Covey's teachings about life are readily adaptable to golf, because golf is life in miniature. It is a journey we take over hill and dale never knowing if we are on the verge of delight or disaster but choosing to move forward regardless. Heartland Golf Schools     Learn golf, learn from golf.

Choose the Right Tee Box

Countless rounds of golf begin with the question, “Which tees do you want to play?” Too often the answer is based on testosterone and not golf logic. Too often this becomes an opportunity for someone to announce their prowess saying, “Let’s move to some back tees!” There’s a better way.

Our home course is Annbriar.   Let’s use it as an example. The first hole plays 304 yards from the middle tees. While there is a fairway bunker on the left side, this hole is kind to the player, recognizes this is their first hole and so provides a generous landing area. When you look at the green you find that it is an elevated green sitting at least 4 feet above the fairway. Additionally, the green is shallow. The architect has set the green to receive lofted approaches. Therefore, the right tee box is the one from which your typical drive will position you to hit a high lofted shot that will hold this green.

The second hole is very different. Measuring 364 from the middle tees, you’ll find that this green is level with the fairway and is deeper. Here the architect is giving you a target that will work well with lower trajectory approaches since you will be using a longer iron.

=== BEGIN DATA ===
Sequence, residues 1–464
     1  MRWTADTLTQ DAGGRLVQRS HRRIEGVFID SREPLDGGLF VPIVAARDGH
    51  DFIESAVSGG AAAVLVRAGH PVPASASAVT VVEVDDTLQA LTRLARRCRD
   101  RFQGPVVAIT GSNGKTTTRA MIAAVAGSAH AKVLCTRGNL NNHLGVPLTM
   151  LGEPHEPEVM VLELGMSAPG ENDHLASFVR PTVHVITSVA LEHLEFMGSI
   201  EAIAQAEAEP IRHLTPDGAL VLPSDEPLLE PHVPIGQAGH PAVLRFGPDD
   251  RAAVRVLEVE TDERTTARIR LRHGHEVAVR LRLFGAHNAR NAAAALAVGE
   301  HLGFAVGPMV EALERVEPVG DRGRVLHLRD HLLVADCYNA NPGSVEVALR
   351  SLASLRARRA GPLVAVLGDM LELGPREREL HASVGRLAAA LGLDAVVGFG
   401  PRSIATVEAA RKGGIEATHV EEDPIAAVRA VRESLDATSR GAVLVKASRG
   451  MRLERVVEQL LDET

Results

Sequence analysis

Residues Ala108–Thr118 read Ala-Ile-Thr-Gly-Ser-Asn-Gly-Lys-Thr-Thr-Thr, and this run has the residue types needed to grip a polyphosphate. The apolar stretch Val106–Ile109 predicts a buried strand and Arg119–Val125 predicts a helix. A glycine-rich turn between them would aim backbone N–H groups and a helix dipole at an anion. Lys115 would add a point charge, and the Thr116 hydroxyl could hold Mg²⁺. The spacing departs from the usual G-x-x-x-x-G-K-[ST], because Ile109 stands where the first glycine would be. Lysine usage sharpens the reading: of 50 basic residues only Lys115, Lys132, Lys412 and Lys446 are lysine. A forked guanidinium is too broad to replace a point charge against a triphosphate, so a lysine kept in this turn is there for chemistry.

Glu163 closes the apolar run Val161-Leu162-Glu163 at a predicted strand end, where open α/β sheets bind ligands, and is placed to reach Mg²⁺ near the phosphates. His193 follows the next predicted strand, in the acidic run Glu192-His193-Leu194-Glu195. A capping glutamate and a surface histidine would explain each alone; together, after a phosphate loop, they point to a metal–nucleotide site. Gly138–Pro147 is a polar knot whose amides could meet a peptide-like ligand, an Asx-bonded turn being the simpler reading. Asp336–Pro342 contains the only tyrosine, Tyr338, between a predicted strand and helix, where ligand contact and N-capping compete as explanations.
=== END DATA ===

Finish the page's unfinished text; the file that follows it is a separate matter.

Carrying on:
Golf logic for tee selection, asks the simple question, “From which tees can I hit my average (not my best) drives and be in the appropriate landing areas for each hole?” Typically the prescribed landing area will be devoid of bunkers, the fairway will be a little wider and your club selection will match the design of the green (our first hole is designed for a lofted approach shot). If you are not sure which tee to play, ask the pro shop to give you the best distance from which to approach the first few holes. The choose a tee box from which you will reach that approach. A less scientific approach says, “Let’s choose a forward set of tees and if after a few holes there are too many birdies, move back.” You’ll find that using the first hole as a benchmark, that same tee selection will position you correctly for the rest if the holes as well.

Bottom Line: The tour players have a game that is built for the tees they play from. Choose a set of tees that are built for your game.


Enjoy the thrill of hitting better shots!

Heartland Golf Schools

St. Louis

Cart Path Relief

A golf course without cart paths is a rarity.

Knowing your rights is a necessity.

First, a player is entitled to relief from the cart path in any of these situations: 1) the ball is in contact with the cart path, 2) a player’s normal stance is in contact with the cart path, or 3) the player’s swing is interfered with by the cart path (e.g. the ball is resting close enough to the edge of the path that the club head will contact the path during the swing).